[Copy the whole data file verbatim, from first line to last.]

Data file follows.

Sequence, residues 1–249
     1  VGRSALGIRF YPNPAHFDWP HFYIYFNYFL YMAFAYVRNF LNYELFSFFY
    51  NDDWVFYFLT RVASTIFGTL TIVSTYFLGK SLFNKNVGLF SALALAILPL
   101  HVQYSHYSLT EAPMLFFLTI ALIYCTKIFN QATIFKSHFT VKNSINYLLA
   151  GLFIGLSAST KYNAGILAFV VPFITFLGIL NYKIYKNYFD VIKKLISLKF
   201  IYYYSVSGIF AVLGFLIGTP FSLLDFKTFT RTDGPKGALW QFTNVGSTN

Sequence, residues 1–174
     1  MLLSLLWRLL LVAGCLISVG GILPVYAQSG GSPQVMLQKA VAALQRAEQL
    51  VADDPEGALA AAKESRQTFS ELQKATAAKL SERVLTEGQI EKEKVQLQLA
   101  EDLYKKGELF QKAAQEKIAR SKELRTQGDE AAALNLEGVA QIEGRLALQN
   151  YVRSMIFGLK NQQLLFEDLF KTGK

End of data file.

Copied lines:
Sequence, residues 1–249
     1  VGRSALGIRF YPNPAHFDWP HFYIYFNYFL YMAFAYVRNF LNYELFSFFY
    51  NDDWVFYFLT RVASTIFGTL TIVSTYFLGK SLFNKNVGLF SALALAILPL
   101  HVQYSHYSLT EAPMLFFLTI ALIYCTKIFN QATIFKSHFT VKNSINYLLA
   151  GLFIGLSAST KYNAGILAFV VPFITFLGIL NYKIYKNYFD VIKKLISLKF
   201  IYYYSVSGIF AVLGFLIGTP FSLLDFKTFT RTDGPKGALW QFTNVGSTN

Sequence, residues 1–174
     1  MLLSLLWRLL LVAGCLISVG GILPVYAQSG GSPQVMLQKA VAALQRAEQL
    51  VADDPEGALA AAKESRQTFS ELQKATAAKL SERVLTEGQI EKEKVQLQLA
   101  EDLYKKGELF QKAAQEKIAR SKELRTQGDE AAALNLEGVA QIEGRLALQN
   151  YVRSMIFGLK NQQLLFEDLF KTGK